With apologies to Richard Carlson who wrote Don’t Sweat The Small Stuff (and It’s All Small Stuff), I’d like to suggest that, in sales, the importance of small changes can be critical.
Now to be fair, I do agree that we shouldn’t get hung up on things that we can’t change. There’s no use exploding over traffic gridlock, construction, or spilled milk. An article in Psychology Today provides great insights in ways to avoid overreacting to the small stuff. But sometimes, the small stuff is critical.
The Importance of Small Changes
The difference between successful and unsuccessful salespeople in the same office is often just the small stuff. With the same product information, similar territories and opportunities, their results can differ dramatically because of the little things.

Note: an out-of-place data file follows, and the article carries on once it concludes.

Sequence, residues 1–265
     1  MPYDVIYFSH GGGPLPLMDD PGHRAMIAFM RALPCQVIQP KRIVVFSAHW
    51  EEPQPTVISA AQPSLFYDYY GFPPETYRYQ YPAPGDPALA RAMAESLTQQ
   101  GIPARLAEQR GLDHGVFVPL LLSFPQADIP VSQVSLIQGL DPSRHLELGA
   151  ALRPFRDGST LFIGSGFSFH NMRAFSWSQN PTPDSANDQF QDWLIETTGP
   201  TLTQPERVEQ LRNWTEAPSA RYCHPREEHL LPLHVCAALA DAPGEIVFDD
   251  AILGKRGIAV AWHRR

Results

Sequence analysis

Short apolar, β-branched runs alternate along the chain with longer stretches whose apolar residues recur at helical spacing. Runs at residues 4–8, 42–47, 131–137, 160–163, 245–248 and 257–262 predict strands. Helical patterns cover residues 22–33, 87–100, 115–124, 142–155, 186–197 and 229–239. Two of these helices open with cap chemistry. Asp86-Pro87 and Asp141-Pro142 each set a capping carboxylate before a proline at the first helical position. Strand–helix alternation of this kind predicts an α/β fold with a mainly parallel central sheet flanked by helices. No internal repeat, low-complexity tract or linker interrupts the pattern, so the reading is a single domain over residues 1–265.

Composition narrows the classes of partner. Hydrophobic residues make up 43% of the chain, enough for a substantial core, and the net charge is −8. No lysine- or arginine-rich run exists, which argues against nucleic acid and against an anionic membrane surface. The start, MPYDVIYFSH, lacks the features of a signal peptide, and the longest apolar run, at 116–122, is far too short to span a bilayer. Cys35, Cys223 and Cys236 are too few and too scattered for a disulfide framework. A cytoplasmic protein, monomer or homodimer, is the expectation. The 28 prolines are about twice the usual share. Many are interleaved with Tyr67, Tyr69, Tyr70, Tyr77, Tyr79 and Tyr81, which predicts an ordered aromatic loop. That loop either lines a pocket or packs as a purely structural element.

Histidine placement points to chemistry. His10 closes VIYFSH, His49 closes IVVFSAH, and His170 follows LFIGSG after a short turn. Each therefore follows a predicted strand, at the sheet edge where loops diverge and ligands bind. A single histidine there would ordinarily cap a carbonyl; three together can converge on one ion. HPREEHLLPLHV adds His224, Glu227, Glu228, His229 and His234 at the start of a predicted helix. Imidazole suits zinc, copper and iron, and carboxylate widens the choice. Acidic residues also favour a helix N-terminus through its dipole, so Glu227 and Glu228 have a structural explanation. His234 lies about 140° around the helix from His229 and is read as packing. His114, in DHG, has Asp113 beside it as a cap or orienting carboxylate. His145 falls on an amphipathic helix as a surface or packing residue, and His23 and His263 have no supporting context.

What little things make a difference? Consider these small modifications:
- Increase your number of contacts with potential customers.
- Increase your average sale size per customer.
- Improve your ability to turn contacts into appointments.
- Improve your ability to qualify prospects so you aren’t wasting your time.
- Improve your ability to turn appointments into sales.
The Slight Edge
The Success Ratios chart below illustrates how the small stuff can make a big difference. Salespeople with a moderate, performance-based income of $75,000 can make significant changes in their personal income by making some small adjustments. Two extra phone calls per day increases their income by 17%, even if nothing else changes! Improving their ratio of phone calls to appointments by 3% increases income by 20%, and improving their ratio of appointments to sales by 8% increases their income by 40%!
But here’s the really exciting part – where the small stuff really counts. By increasing everything by only 2%, salespeople, on average, can increase their income by as much as 15%, and a 5% improvement can increase their income by 41%! Small stuff. Big results.
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